Thousand Oaks Resident Presents Award to Time Magazine’s Person of the Year to Raise Funds for Destroyed School in Liberia

Dr. Jerry Brown, part of the “Ebola Fighters” and 2014 Time Person of the Year,received the LOOP award from Denver-based organization, A New Dimension of Hope.

On Saturday, June 3, A New Dimension of Hope awarded Dr. Jerry Brown, medical director of the Eternal Love Winning Africa Hospital in Monrovia, Liberia, and Baroness Kimberly Moore, a Beverly Hills based humanitarian, the annual Leaders Overcoming Obstacles to Peace (LOOP) award at Regis University in Denver. The award ceremony, which commemorates those who have persevered through significant adversity in his or her humanitarian efforts, was opened by a speech from local Ventura County resident Anthony Angelini.

Anthony Angelini at Loop Awards

In June 2016, New Dimension of Hope (NDHope) received the news that their flagship school in Troyah Town, Liberia had been destroyed by a faction of corrupt government officials. The school, which also supplied meals to the families in the small rural village where it was located, had been completed only a year earlier, and outcry over its destruction rang out through the Liberian community. Leymah Gbowee, 2011 Nobel Peace Prize recipient and native Liberian said in a statement, “Who would give such instruction, what are these poor people and their children going to do?” Immediately following the incident, NDHope received an influx of support and began a campaign to reconstruct the school.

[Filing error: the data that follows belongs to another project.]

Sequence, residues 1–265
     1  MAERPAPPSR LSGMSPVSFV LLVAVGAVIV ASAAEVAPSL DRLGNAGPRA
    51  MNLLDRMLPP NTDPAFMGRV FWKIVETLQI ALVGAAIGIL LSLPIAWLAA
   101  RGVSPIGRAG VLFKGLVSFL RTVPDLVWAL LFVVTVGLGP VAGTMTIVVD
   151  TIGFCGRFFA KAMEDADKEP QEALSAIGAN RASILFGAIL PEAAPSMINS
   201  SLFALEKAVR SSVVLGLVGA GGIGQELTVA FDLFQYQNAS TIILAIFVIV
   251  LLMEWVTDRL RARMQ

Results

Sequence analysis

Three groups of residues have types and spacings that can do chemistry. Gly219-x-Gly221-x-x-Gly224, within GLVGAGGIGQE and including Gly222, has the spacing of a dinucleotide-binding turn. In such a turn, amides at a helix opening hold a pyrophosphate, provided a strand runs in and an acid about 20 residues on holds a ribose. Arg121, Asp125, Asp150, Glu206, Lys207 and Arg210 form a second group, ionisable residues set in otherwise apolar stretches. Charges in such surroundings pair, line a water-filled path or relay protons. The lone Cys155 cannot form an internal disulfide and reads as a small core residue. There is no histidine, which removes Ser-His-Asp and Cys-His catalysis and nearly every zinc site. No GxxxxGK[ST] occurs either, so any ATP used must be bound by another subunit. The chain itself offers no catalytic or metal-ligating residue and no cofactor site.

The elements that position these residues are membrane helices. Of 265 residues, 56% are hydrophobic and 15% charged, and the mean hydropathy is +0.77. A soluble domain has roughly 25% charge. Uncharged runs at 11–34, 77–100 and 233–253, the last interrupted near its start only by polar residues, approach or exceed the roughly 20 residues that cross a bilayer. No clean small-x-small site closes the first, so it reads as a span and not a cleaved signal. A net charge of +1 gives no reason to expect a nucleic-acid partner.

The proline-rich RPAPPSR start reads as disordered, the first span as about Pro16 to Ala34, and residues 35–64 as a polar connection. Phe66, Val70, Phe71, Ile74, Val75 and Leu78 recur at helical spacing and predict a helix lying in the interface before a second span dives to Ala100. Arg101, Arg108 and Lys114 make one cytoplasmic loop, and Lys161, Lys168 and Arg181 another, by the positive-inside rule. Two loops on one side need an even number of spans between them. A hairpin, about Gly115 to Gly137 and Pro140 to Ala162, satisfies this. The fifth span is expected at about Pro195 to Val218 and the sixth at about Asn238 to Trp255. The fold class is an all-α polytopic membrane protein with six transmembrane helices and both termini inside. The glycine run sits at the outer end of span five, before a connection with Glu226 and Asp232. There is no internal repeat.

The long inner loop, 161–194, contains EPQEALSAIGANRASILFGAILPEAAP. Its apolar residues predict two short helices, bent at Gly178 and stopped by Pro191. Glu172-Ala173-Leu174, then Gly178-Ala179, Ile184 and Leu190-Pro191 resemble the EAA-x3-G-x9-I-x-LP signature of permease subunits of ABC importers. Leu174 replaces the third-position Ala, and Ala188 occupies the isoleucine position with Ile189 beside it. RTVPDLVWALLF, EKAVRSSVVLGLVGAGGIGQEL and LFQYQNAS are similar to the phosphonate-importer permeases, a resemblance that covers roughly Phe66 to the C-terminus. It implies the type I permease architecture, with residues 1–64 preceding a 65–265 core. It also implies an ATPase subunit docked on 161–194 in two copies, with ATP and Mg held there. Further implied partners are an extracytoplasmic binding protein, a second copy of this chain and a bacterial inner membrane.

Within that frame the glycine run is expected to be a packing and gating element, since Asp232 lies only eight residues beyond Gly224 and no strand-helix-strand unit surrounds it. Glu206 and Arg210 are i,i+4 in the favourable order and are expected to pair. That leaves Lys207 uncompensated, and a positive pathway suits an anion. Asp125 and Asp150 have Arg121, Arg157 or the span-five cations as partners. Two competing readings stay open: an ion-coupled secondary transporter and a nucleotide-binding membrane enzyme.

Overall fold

Dr. Jerry Brown was one of the “Ebola Fighters”, Time Magazine’s Person of the Year in 2014 for extraordinary sacrifices to stem the spread of the deadly Ebola virus in West Africa.  Dr. Brown is also one of Time’s 100 most influential people in 2015.  He dedicated the award to his hospital in Liberia, ELWA Hospital which, because of Brown’s leadership, saved over 200 people from Ebola in 2014.

Baroness Kimberly Moore is an active philanthropist, entrepreneur from New York City and Goodwill Ambassador to the United States, best known for using her creative energy in raising funds and awareness for a variety of industries around the world. She accepted the award and vowed to fund the rebuilding of NDHope’s destroyed school in Liberia.

The event raised enough for founder Ebenezeer Norman to speculate that construction on a new school will begin by this September.

Thousand Oaks resident Anthony Angelini, a board member of NDHope who attended the opening of ceremony of the original school in Liberia in 2015, gave the opening address at the award ceremony. “You do not want this award,” Angelini told the Regis University audience about these heroes, “I have seen what these people had to go through to get it, and trust me, you don’t want it.”  Locally, Angelini also serves on the Board of Directors for Gold Coast Performing Arts Association and on the Thousand Oaks Cultural Affairs Commission ad-hoc committee for the Excellence in the Arts Awards.

To learn more about A New Dimension of Hope and the school in Liberia visit

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